(aka 'The Free Will' or 'Der Freie Wille')
Winner of a prestigious Silver Bear at the Berlin Film Festival Matthias Glasner's brave and complex drama contemplates the terror of loneliness and whether love can be a salvation to damaged psyches.Earning Best Actor awards at both Tribeca and Chicago J rgen Vogel stars as Theo a convicted sexual predator who has just been released from psychiatric detention. His fear of women stirs a profound unfulfilled longing within him making his reintegration into society an unbearable ordeal. Can hope exist in his budding relationship with Nettie (Sabine Timoteo) as they embark on a journey to the limits of free will?
A demanding three-hour drama about a rapist trying to control his urges, this amazingly conceived and deeply upsetting exploration of damaged psyches asks a terrifying question: can an abusive sex addict love or be loved? Co-writer, co-producer and star Jurgen Vogel gives the bravest and most challenging performance I've seen so far this year, humanizing a stunted monster named Theo so that (gulp!) we actually care about him. After being released from a nine-year institutional sentence, Theo sincerely wants to climb up from rock bottom and become a model citizen. He works out, he works hard — and though the vicious stirring in his brain is "still on the safe side" as he confides in a friend — the guy lives his life like a recovering junkie: one day at a time. But temptation is everywhere, and after following a girl home, breaking into her house and coming just shy of despoiling her, he turns and runs. His only hope of escape is an uneasy relationship with his boss' high-strung daughter, Nettie (Sabine Timoteo, simply fantastic), who may have been maltreated herself. Glasner is a sly stylist, forcing viewers to see sex as violent and vulgar in one scene, then amorous and erotic later on. He values emotional authenticity, understands its miscommunications, and shoots with muted vibrancy for vraisemblance. While the work is intense to put it mildly, it's moreso because Glasner doesn't try to titillate for naught or stoop to the shocking sensationalism of a Gasper Noe type (on the contrary, I thought more of Bruno Dumont's Humanite). It's too soon to tell with another week of festin' to go, but thus far, The Free Will is my favorite film at Tribeca.
Theatrical Release: February 13th, 2006 - Berlin Film Festival
DVD Review: Benten Films - Region 1 - NTSC
|DVD Box Cover||
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|Distribution||Benten Films - Region 1 - NTSC|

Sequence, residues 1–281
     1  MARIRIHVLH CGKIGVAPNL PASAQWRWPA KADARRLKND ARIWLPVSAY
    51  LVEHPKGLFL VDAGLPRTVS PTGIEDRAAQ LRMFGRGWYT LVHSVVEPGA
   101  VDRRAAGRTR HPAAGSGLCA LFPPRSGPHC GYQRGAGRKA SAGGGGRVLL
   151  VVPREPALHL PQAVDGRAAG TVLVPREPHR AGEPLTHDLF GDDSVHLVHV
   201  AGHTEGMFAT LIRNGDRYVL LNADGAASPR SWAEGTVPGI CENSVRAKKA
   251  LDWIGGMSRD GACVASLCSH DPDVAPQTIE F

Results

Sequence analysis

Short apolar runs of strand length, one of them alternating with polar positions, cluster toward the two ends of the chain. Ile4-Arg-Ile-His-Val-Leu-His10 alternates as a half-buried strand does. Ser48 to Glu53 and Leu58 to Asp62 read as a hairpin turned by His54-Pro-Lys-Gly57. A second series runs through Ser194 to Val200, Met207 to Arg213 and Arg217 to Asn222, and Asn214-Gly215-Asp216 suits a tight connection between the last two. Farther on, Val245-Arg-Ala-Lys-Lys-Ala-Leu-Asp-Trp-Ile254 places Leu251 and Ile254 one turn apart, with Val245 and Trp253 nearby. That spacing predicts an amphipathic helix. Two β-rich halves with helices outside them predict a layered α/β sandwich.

Average Bitrate: 6.31 mb/s
NTSC 720x480 29.97 f/s
NOTE: The Vertical axis represents the bits transferred per second. The Horizontal is the time in minutes.
|Audio||German | French (Dolby Digital 2.0)|
by director/writer Matthias Glasner and star Jürgen Vogel (in German
with English subtitles)
notes with an essay from David Fear
Benten films seem like a good group of guys and we got a real charge out of their LOL release. There exposing some of the worthy avant garde and this site appreciates their efforts.
IMdb lists this as being shown theatrically at 1.66: but I can only tell you that this DVD is in 1.77 anamorphic ratio and the composition looks acceptable to my eye. The disc is dual-layered and interlaced. The time indicates that it may have been taken from an unconverted PAL source and this may explain the combing/ghosting which is quite prevalent (this is a guess o n my part). The film is shot with many hand-held, unsteady, camera shots and gives the impression of being from video stock although IMdb says it was shown in 35mm. Bottom line is that it looks very rough - whether intentional, its true Indie roots or just a weak transfer. Contrast and detail are at the shallow end of the pond while colors are dull with poor lighting - The Free Will looking quite dark at times. On the positive it doesn't appear to have any digital manipulation. This may be exactly how it looked (except the combing) theatrically and I have nothing to compare it to as this is my first viewing. Purchasers should expect the worst though.
The film has a similarly weak audio track - in German and some French with optional English subtitles (see font sample below). It was scattered at times but this again probably reflects pragmatic production methods.
There is a decent, off-the-cuff commentary from director-writer Glasner and star Vogel. It is appreciated and reveals some impetus behind the films' creation and Theo's characterization but generally it is not particularly scholarly - lending itself to being fairly laid back. The film is long and there are gaps - I don't suspect many to last through it all - especially given the fact non-German speakers will have to read the entire dialogue discussion.
The film itself pushed me through a wave of emotions including enjoying parts of it as well as disgust at others. It did keep my attention - never being able to put a finger on the direction of the unique narrative stylings which I could closely link to the Dumont's films I have seen (concurring with the review above) with a fair amount of contemplative moments. Don't get me wrong - this is decent cinema and I wish to support more efforts of this nature but I find the group enjoying it may be quite narrow - but it certainly deserves an audience. The price seems high but it will be dependant on how intrigued you are with the film itself. This is a true 'Festival' offering. In closing I'd like to emphasize not be be weary of the length or subject matter.
Commentary subtitle sample